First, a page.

My 4th and 5th grade teams requested teaching grammar in context as our topic for this month's common planning time. We have been taking a look at the practice exams for the upcoming Forward Exam (Wisconsin's version of testing for the CCSS), and the staff noticed a lot of grammar questions. I am so glad they brought this idea to common planning because it was a great time to discuss how to teach grammar in context, not in isolation.

My favorite resource for this topic is Jeff Anderson's Mechanically Inclined: Building Grammar, Usage, and Style into Writer's Workshop. 
Some quotes:
“Pattern based development rather than rule-based correction.”
“Teaching DOL is as effective as ‘Yelling at the overhead.’”
“Love the errors and all they reveal.” (Look for patterns in students’ thinking)

We had some great discussion as we looked at the language standards for each grade level, reflected on which ones students may need some addition instruction on, and then began to plan lessons using Jeff Anderson's examples. It became very clear that our students needed a 2 week "bootcamp" revolving around grammar. This is going to be centered around their writing and through the use of mentor texts.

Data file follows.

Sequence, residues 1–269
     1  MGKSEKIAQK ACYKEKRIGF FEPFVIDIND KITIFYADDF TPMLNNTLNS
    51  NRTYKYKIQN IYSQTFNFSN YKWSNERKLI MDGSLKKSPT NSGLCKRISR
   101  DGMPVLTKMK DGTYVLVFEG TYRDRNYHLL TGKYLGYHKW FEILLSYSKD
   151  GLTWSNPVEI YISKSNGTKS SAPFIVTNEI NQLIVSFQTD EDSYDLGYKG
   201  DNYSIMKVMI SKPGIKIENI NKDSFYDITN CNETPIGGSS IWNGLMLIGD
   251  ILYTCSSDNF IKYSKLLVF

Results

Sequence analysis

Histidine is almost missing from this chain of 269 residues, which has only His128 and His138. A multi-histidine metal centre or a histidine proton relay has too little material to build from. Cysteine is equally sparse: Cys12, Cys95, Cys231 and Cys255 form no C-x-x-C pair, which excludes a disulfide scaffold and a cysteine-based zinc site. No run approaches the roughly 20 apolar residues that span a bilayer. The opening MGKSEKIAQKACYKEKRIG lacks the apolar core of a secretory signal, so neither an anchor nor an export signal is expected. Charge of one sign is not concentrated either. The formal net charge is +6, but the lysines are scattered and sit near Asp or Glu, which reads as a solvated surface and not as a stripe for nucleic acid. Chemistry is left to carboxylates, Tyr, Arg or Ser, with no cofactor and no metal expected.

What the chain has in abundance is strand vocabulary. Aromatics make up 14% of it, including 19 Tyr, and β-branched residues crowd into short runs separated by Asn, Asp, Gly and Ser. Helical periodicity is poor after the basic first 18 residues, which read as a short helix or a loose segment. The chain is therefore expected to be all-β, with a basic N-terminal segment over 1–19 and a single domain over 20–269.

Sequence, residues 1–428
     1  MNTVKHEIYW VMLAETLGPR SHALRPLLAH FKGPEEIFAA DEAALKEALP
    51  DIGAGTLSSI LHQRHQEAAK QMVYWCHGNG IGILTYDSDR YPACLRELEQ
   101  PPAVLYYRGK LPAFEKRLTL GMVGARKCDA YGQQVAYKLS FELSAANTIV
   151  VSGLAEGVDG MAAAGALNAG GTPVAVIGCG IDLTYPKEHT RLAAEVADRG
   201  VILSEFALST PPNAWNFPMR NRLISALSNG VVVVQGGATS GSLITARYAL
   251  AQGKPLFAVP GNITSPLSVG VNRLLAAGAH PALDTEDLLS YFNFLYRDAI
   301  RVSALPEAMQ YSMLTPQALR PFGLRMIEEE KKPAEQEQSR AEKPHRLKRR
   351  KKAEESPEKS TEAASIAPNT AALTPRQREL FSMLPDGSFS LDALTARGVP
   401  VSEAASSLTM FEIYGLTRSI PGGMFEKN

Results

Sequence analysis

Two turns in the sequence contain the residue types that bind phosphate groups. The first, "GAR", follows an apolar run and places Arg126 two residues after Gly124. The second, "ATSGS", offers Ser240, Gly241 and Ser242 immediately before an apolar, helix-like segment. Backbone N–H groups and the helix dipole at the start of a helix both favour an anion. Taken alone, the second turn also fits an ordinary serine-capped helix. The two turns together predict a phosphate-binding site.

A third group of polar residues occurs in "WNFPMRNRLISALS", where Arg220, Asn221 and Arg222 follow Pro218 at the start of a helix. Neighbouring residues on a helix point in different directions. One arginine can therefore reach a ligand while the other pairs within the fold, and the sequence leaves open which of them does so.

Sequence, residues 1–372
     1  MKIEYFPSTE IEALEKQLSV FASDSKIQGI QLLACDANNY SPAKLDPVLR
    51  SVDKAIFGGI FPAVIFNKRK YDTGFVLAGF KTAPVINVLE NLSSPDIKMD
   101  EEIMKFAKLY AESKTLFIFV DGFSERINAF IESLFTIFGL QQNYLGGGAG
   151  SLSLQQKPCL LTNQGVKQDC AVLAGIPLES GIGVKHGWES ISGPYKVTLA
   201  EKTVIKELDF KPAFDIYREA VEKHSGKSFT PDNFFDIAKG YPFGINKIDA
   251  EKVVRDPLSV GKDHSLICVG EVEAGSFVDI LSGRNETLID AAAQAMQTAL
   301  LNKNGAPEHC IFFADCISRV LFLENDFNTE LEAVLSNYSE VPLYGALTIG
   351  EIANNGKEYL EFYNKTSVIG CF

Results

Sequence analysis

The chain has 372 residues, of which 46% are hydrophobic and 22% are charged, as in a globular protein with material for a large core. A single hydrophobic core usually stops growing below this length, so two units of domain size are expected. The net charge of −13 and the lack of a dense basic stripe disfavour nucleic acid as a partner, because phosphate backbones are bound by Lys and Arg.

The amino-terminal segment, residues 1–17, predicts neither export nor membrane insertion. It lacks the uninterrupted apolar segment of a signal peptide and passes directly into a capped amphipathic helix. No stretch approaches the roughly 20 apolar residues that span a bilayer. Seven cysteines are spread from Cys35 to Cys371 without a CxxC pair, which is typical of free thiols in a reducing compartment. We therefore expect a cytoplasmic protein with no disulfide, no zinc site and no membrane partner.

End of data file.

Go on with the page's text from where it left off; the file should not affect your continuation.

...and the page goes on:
Here are some more of my favorite ideas from Jeff's book...

  • Rather than putting a poorly written sentence up for students to correct, put up a well-written sentence and ask them, “What did you notice?” “What else?”, “What else?” Continue until you have exhausted the realm of possibilities  within the class. Take one of their noticings and use it to teach a mini-lesson that you have preplanned anyways.

  • To teach the test taking skill of noticing errors in incorrect sentences, take that good sentence and change one thing to make it incorrect. First make sure the students have a good understanding of why and how it is correct. Talk about what was changed and why it is no longer correct. Ask - “How does this affect the meaning of the sentence?”

  • A good sentence: “His room smelled of cooked grease, Lysol, and age.” -Maya Angelou. A sentence like this nature can be used over several days and for many minilessons.

  • Have the children create a sentence about their own rooms similar to Maya Angelou's. Notice the features of the sentence to include - place, scent item, proper noun, abstraction.

  • Children need to understand what is correct before they can realize what is incorrect. You never know something is missing if you’ve never had it in the first place.

This was a great discussion and use of our common planning time this month!

Do any of you have a resource you use to teach grammar in context?

Friday, April 8, 2016

Writing in Response to Reading